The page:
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Business in Motion – MI: JSP or AWT?

The SAP Mobile Infrastructure is offered in two flavors: JSP and AWT. Both versions include the same core APIs for synchronization, configuration, persistence, logging and so on.   The JSP based MI client includes a Jakarta Tomcat 3.2.4 webserver, which allows to run servlets and JSPs on the client device. This technology is used to create the offline user interface. The rendered html is displayed in the Pocket Internet Explorer (Windows Mobile) or a client application which uses an Internet Explorer control (Win 32). Applications that should run on the JSP based MI have to implement servlets and JSPs to create the user interface. An old technology – which is still available but nor supported anymore – is microITS. As it is not supported, it will not be discussed here.  The AWT client is uses the Abstract Window Toolkit, which was introduced by Sun in Java 1.0. AWT uses native operation system controls to render the user interface.   The question is: Does it make sense to run a web server on a small device like a laptop or PDA? Let’s discuss the pro and cons.  There are multiple problems with the JSP based MI client:


  • Browser based UI: A classical browser based user interface can never reach the same quality like a native application. To change the screen or display new data it is always required to make a round trip (http request and response) to the local web server. With new technologies like AJAX this is getting better now, but this technology is not available on Windows Mobile devices so far.    Because of the html UI, the usability is much lower than with a native user interface. So the limitations are really big.

  • Footprint: The Tomcat web server allocates alot of memory. But as memory is the most valuable thing on small devices, this is a huge problem.

  • Performance: The performance of the webbased UI is significant slower on PDAs/Windows Mobile devices than the AWT user interface. The bottleneck here is the Pocket Internet Explorer which renders the html really slow.

On the other side we have AWT:


  • Rich UI: AWT does not support all controls that are available by the operating system, therefore the possibilities are limited. But AWT can be mixed with other Java UI technologies. On both Windows Mobile and Win32 devices it is possible to use SWT, which is also using native UI components, but has alot more controls available. With the use of SWT you can not see a difference between a Java and a Microsoft application anymore. Another technology that you could use is Swing. Swing also offers a broad range of available controls, but on the other side it is not based on native controls. Because of that the UI will not look as nice as with SWT and it is also slower. Therefore SWT is the number one choice IMO.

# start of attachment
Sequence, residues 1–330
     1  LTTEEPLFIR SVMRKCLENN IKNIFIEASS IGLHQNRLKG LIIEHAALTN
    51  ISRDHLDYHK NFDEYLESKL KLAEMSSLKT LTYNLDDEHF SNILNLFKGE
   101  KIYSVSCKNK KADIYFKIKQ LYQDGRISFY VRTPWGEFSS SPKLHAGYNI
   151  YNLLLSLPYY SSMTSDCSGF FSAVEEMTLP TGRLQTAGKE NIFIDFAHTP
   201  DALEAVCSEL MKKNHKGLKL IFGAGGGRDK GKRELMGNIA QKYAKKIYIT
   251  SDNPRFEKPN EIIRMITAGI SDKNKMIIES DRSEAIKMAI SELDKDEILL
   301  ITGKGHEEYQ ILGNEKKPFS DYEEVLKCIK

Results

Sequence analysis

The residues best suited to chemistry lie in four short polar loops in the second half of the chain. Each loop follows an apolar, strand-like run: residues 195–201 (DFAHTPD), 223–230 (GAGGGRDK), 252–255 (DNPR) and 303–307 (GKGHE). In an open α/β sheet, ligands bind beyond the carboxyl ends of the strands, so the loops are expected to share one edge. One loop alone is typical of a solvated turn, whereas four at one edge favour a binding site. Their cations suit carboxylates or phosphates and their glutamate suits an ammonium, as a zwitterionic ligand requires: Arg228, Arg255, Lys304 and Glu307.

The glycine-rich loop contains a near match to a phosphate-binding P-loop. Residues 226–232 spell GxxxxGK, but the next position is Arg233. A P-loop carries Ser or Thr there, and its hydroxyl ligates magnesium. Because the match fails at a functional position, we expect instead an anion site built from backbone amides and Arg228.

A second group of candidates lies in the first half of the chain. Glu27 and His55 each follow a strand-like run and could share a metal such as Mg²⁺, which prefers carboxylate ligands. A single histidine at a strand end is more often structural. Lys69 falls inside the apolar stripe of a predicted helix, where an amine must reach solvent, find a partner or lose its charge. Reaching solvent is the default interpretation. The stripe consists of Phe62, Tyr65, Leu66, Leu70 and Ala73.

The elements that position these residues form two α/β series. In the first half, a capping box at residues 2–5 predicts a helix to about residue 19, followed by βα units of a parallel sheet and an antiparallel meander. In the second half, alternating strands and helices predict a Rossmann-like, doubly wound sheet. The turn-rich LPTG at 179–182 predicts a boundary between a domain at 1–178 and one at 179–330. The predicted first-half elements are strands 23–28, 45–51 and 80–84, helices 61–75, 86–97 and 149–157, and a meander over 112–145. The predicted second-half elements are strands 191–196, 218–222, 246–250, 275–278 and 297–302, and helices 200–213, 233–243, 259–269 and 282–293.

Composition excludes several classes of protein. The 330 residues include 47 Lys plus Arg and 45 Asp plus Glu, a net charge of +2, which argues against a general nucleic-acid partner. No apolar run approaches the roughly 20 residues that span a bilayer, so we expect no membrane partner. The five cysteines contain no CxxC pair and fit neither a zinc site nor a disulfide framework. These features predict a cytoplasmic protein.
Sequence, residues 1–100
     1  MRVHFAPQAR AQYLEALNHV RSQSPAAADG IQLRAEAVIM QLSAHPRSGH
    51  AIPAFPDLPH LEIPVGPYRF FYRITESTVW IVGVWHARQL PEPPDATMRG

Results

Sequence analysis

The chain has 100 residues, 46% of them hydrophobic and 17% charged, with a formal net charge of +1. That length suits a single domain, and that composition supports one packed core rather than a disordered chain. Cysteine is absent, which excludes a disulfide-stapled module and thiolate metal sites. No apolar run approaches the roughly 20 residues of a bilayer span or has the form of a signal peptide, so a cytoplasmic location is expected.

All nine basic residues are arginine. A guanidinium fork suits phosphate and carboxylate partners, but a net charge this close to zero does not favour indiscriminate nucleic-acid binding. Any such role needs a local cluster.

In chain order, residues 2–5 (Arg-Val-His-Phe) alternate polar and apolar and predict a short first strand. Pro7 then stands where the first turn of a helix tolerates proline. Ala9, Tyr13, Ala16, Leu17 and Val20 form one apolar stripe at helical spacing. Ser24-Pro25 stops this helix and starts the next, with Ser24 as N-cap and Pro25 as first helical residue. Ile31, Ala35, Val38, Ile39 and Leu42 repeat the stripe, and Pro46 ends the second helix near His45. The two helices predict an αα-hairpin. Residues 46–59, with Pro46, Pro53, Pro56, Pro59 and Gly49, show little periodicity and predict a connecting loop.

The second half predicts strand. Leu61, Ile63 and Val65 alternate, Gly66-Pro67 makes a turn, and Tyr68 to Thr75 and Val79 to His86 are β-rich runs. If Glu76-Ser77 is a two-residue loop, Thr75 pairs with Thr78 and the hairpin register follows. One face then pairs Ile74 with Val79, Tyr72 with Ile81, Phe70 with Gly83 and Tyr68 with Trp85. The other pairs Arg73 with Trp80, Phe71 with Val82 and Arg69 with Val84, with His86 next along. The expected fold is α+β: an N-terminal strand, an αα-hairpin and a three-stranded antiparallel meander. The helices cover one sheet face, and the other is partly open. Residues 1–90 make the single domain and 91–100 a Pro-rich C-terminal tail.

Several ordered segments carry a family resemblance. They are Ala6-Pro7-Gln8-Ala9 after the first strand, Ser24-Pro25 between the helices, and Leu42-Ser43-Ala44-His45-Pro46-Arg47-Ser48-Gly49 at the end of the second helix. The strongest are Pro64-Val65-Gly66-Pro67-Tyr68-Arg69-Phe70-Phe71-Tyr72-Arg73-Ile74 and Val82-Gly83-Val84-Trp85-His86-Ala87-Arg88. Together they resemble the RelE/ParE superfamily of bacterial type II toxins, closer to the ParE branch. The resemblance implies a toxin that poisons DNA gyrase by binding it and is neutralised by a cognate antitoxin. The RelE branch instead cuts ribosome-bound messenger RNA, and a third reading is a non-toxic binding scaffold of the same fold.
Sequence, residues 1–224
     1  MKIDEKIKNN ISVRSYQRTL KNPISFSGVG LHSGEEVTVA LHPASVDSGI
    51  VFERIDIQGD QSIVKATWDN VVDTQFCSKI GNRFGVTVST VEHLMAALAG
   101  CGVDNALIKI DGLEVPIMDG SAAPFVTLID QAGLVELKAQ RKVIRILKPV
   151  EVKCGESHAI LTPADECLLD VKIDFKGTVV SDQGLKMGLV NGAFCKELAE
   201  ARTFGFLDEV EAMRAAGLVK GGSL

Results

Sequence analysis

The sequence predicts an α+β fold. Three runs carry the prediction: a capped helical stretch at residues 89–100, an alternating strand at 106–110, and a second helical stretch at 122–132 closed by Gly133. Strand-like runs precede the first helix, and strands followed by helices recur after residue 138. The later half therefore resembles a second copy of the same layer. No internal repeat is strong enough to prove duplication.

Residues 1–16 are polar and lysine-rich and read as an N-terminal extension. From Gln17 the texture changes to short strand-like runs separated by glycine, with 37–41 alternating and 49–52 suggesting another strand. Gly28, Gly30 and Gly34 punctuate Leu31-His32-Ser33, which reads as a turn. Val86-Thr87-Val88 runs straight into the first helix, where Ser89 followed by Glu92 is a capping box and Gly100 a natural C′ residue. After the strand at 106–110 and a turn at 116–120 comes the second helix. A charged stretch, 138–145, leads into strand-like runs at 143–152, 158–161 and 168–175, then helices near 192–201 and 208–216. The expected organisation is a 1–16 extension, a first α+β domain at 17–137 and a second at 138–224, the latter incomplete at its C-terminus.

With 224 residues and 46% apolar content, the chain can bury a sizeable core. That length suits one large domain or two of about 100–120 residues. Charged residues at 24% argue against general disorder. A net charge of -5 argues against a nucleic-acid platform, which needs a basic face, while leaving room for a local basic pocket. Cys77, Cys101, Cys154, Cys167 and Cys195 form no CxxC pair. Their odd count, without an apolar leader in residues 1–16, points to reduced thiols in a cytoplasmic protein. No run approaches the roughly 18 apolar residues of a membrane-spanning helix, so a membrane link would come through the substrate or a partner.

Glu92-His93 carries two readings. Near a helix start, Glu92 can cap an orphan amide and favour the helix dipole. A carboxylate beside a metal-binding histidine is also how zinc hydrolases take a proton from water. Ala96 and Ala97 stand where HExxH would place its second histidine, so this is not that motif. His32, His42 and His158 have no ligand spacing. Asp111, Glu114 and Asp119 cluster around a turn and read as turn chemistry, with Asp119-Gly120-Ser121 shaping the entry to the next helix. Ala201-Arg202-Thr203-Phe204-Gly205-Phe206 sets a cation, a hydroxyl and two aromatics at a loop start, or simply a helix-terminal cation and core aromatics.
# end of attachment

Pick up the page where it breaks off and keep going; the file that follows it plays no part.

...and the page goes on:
No matter what technology you use on top of AWT, the UI will be alot more user friendly than a web based interface.

  • Lower Footprint: The AWT based MI has a smaller footprint. This leaves more memory for the application logic and the data.

After reading this the the decision should be clear: Go with AWT! Not really. I agree that AWT is the better choice, but there are some scenarios where you should or must go with the JSP UI:


  • Standard MI applications: If you develop your own application which should run side by side with a standard app from SAP like MAM, MAU or MTT, you have to go with JSP. These applications are JSP based and as you can not run AWT applications on the JSP MI, you have no other way.

  • More JSP developers: You will find alot more JSP then AWT developers. Maybe you already have them in your company. So it could be easier to use the existing skills instead of having invest in the training of AWT developers.

  • Online applications: Maybe your scenario requires an online version of your application as well. In this case you can re-use the user interface and the controller and you just need to replace your model.

IMO you should go with AWT if none of the aforementioned reasons apply.  But enough for today, let’s get the Business in Motion!.

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      Author's profile photo Former Member
      Former Member
      Hi Alex,
      Good article, just wanted to add that if it is a application for a PDA Swing and SWT is out as the JVM used is 1.1.8 which does not support Swing and SWT.
      Author's profile photo Former Member
      Former Member
      Blog Post Author
      Hello Karthik, I'm glad you liked it.

      There is a version of SWT for Windows Mobile devices that is running with Java 1.1.8. You can find information about it on the Eclipse homepage:

      Best Regards, alex